Even if President Trump rarely ventures outside Mar-a-Lago for anything but golf, the rest of Palm Beach will enjoy knowing that the king is in his castle.
“Trump’s election is a win for Palm Beach because shops and restaurants will prosper, real estate sales will increase, and many curious people will drive as close as possible to Mar-a-Lago to try and catch a glimpse of this fantastic person whom I call Superman,” says Toni Holt Kramer, a club member and founder of the grassroots Trumpettes, a group of society women who are swirling atop cloud nine while aiming to emulate their newly elected president’s work ethic by empowering “all types” of women to toil away and improve their communities.
Kramer also believes that if President Trump runs America like he runs Mar-a-Lago, “everyone” will enjoy sweet endings. “Mar-a-Lago has the best desserts,” she told actress Desi Lydic, a correspondent on Comedy Central’s The Daily Show. “Coconut cake, apple crumb pie, cookies, and a machine that makes ice cream!”
Fittingly then, Trump has a delicious history in Palm Beach. The opening of his Mar-a-Lago Club in 1996 was the biggest thing that had happened to the island since Roxanne Pulitzer’s 1982 divorce trial from publishing heir Peter Pulitzer, which drew international attention and a constant stream of gawking tourists. (Few have forgotten the New York Post headline “I Slept with a Trumpet!,” referring to Roxanne’s recounting of a steamy spiritual moment, during the highly publicized trial. She took the trumpet to bed, she said, in hopes “the dead would speak to me through it.”)
Not only did Trump impeccably restore the 20-acre sea-to-lake mansion back to its early glory, his Mar-a-Lago Club also opened its doors to wealthy residents who were not welcome in most of Palm Beach’s restrictive clubs. Mar-a-Lago’s very presence added a spark of life to a once-stilted island.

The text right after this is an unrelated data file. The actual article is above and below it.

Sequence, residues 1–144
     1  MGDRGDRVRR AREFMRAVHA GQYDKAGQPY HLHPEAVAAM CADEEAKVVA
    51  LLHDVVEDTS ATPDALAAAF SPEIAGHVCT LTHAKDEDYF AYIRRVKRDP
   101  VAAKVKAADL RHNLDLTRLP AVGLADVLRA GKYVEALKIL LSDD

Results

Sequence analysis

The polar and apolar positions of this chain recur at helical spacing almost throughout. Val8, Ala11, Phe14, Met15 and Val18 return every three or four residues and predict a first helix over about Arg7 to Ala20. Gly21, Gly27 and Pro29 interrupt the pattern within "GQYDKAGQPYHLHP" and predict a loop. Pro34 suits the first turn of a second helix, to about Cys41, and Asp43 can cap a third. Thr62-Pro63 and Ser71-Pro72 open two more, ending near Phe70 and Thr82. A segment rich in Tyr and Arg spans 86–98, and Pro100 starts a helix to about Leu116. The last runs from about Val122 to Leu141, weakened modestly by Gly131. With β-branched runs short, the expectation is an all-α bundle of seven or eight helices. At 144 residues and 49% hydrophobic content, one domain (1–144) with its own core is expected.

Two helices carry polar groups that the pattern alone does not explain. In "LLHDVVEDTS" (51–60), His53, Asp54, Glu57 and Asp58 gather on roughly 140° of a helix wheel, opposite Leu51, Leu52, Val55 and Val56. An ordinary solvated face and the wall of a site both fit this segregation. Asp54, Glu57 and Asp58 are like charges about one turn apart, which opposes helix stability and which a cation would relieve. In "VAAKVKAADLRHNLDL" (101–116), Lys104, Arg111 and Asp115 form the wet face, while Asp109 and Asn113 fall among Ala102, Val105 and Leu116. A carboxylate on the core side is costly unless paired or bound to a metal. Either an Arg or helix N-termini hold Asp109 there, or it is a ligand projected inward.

And now that same spark has ignited a firestorm of interest and excitement that hasn’t been felt since the 1980s when the wealthy were fawned upon like Fabergé eggs. “It reflects well on those of us who live in the town of a sitting president,” says Palm Beach architect Ken Walker, quipping, “Pretty women will say hello to me and people will buy me drinks!”
Residents like Broadway producer Terry Allen Kramer (Kinky Boots, Evita, Sugar Babies, etc.) agree tourism will benefit Palm Beach, though she fears that her privacy and seclusion could be interrupted because “traffic will be horrendous.”
True enough when the president comes to town. But a well-executed Secret Service protection plan should make Palm Beach residents feel safe even if they are inconvenienced by security checks and car swipes.
Besides, a little difficulty navigating is nothing to fret over after reading a report from Climate Central that was published recently in the New York Times. It warns that Mar-a-Lago could be flooded at high tide by the end of this century depending on how fast Antarctic ice sheets melt if “greenhouse gas emissions continue unabated.” (Not that many Trump fans will read or believe that.)
In the meantime, if President Trump makes good on his promises to upgrade water and waste, which includes protecting the dwindling water supply in south Florida, his three golf clubs—Trump International in West Palm Beach, Trump National in Jupiter and Trump National Doral in Miami—will be more attractive than ever.
And so will Mar-a-Lago. After two decades of legal wheeling and dealing to keep jets from flying near the site, which he felt created an “unreasonable amount of noise, emissions and pollutants,” he is finally getting his wish. Since Air Force One, the official presidential plane, shuts down airspace or airports completely when landing, Mar-a-Lago should benefit, at least while President Trump is in town.
“The image of Palm Beach will become more magical than ever with all kinds of important people coming here to be near President Trump,” gushes Robin Bernstein. “I stuck my neck out from the very beginning to support him and lost business in our insurance company because of it. But I never wavered on the strength and success of this man. I tell people to never bet against Donald J. Trump.”